The Russian Futurists: The Weight’s On The Wheels

The Russian Futurists: The Weight’s On The Wheels

C

The Russian Futurists

Album: The Weight’s On The Wheels
Label: Upper Class/Red Eye
C

The Russian Futurists

Album: The Weight’s On The Wheels
Label: Upper Class/Red Eye

Community Grade

  • A
  • A-
  • B+
  • B
  • B-
  • C+
  • C
  • C-
  • D+
  • D
  • D-
  • F
?

Your Grade

?

Much as Scottish outfit Belle And Sebastian lost much of its initial magic when its principals decided to brighten up the corners of their gentle songs, the charming aspects of Matthew Adam Hart’s music have been inversely proportional to the production quality of The Russian Futurists’ albums. But unlike Stuart Murdoch and company, who made the most of the sheen and breathed new life into a band that seemed to be fey-ding away, Hart has gotten less interesting as he’s moved further from 2000’s The Method Of Modern Love. For proper album four, Hart moved his electro-pop operation out of the bedroom and into Michael Musmanno’s production studio, and the results are more often than not frustratingly pedestrian, and occasionally just downright cheesy. Things start off nicely with the bouncy, big-chorused “Hoeing Weeds Sowing Seeds,” but pretty soon, we’re confronted with “One Night, One Kiss,” a modern-day yacht-rock duet with Ruth Minnikin that includes lines like “There’s no doubt we’re made for each other / baby, let’s be lovers / and spend the rest of the night under the covers.” And no, he isn’t being ironic. Musically, things take a turn for the worse when Hart tries to do some sort of Keith Sweat thing on “100 Shopping Days ’Til Christmas,” a soulless soul song about pining for a former lover; once again, even a little irony can’t save the day. To be fair, The Weight’s On The Wheels is peppered with nice hooks and a few clever moves, and it ends just as strongly as it began, with the dream-poppy “Horseshoe Fortune.” But precious little tunes like this need more than just catchiness to make an impact.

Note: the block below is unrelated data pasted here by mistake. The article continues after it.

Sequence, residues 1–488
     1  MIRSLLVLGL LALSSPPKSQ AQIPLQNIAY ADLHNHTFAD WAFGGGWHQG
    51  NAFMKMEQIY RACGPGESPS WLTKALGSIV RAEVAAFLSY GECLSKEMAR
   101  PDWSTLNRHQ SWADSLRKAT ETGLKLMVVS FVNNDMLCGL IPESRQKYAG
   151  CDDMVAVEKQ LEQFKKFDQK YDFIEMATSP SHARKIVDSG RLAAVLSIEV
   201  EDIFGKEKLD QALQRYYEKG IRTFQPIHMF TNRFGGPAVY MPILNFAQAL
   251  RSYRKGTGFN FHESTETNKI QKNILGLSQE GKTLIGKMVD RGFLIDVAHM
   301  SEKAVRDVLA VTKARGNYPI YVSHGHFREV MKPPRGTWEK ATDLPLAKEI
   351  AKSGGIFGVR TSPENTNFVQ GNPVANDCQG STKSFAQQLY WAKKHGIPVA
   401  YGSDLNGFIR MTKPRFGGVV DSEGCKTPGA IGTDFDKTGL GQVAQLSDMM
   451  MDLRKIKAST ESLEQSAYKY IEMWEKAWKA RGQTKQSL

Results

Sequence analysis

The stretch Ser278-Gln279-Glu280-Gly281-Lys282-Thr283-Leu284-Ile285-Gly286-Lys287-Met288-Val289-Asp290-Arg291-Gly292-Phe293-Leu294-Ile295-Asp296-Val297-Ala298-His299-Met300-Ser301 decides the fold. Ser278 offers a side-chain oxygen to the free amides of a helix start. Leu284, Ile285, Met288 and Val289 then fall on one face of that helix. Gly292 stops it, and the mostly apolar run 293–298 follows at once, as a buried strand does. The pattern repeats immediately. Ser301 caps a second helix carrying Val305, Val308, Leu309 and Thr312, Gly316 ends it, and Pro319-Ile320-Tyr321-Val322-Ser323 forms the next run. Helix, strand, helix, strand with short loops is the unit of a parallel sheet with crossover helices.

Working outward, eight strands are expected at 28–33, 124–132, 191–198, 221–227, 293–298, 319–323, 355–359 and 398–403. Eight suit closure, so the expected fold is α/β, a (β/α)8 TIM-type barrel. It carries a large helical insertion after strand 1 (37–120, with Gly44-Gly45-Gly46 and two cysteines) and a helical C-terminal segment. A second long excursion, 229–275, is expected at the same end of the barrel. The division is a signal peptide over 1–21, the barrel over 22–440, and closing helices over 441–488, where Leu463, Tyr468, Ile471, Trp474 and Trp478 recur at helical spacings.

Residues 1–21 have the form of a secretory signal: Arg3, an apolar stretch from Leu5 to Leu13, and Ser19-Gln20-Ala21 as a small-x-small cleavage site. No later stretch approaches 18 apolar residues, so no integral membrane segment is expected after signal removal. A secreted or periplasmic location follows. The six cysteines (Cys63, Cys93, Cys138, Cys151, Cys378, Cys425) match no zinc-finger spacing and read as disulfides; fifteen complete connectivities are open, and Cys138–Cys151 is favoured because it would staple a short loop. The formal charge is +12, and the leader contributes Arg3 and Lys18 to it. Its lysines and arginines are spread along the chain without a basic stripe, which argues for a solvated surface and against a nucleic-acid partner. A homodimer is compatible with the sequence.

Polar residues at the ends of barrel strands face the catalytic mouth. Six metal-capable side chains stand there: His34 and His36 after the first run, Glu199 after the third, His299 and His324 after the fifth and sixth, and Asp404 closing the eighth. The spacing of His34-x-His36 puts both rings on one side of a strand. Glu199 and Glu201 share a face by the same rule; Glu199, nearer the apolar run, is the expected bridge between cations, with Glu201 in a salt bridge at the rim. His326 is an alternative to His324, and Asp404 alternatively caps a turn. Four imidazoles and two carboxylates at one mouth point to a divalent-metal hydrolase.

More Music Review